The Penguin Tango
Aristophanes probably wasn't the first writer to use animals to mock human behavior (The Wasps and The Frogs), but he certainly set the trend. George Orwell took on his mantle with Animal Farm, and today we have Stephen Svoboda stepping into those worthy shoes with the sweet and endearing The Penguin Tango, a lovingly satirical comedy now making its New York debut at the Fringe Festival.
The play, based largely on true events from various zoos around the world, follows the romantic adventures of eight penguins in Germany's Bremerhaven Zoo. Wendell and Cass (based on two real penguins in the Central Park Zoo) have been partners for years, despite Cass' merciless capitalism and Wendell's cheerful communism. Silo and Royale (later called Roy, also based on two Central Park Zoo penguins) have been trying to have a chick, but for some reason can't get their rock to hatch. When the owners of the zoo realize that they have gay (and, by proxy, chickless) penguins in their exhibit, they introduce all sorts of measures to separate the couples and ensure another generation of chicks, regardless of the feelings of the penguins, who mate for life.
Wisely, Svoboda takes the quirkiest of all possible approaches and does not focus his story on the zoo managers and their decisions, or indeed on any human. Instead, we see the penguins themselves struggling with the bizarre behaviors of their owners and trying to follow their hearts against increasing odds. Microchips are implanted in brains, sexy Swedish homewreckers are introduced, love letters are read by the wrong penguins, and it's all delightfully silly and funny. At times, the play becomes a bit heavy-handed, preaching to the choir about accepting each other and live-and-let-live and other Very Important Themes. At the Fringe Festival, such morals seem almost quaint, and the loving barbs in the script are moral enough.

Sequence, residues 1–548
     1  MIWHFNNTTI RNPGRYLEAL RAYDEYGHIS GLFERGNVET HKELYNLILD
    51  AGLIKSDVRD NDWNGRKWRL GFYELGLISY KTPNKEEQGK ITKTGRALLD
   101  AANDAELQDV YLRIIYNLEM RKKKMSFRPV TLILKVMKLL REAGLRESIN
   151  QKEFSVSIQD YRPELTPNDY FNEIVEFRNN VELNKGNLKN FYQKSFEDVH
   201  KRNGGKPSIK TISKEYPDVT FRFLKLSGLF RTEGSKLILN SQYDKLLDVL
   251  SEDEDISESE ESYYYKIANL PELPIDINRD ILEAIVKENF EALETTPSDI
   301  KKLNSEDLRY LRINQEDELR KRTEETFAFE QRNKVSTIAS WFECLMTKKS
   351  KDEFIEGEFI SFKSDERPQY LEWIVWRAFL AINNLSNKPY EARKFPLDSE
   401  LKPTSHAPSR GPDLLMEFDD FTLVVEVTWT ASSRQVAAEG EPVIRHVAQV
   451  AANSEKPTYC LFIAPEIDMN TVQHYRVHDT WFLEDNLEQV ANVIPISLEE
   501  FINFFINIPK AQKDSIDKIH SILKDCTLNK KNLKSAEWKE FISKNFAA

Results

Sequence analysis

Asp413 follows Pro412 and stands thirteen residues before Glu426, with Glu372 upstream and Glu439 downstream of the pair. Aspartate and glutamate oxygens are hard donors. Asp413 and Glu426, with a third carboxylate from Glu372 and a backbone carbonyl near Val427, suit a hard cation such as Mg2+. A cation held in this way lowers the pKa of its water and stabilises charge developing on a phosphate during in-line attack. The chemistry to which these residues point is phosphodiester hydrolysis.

The winsome cast contributes greatly to the fun, keeping the script afloat when it threatens to become too heavy. Brendan Maroney and John Bixler have delightful chemistry and comic timing as Silo and Roy(ale), as do Lowell Williams and Steve Hayes as Cass and Wendell. Andrea Pettigrove is appropriately vampy and campy as Dia, Sweden's answer to Damn Yankees' Lola. Chris Teustch plays a conceited lothario with appropriate smarminess, and Eli Sands is tragically (often painfully) funny as the resident geek Curly. Anna Becker delivers her lines with a scene-stealing dry wit, and Christian Mansfield is adorably fey as a neighboring flamingo who learns about love.
It's sweet, charming, winsome, and utterly enjoyable but for the few moments when it becomes preachy. It doesn't need to be preachy; it's funny. People are much more willing to listen when you make them laugh than when you hit them over the head with philosophy, and there are plenty of laughs in The Penguin Tango.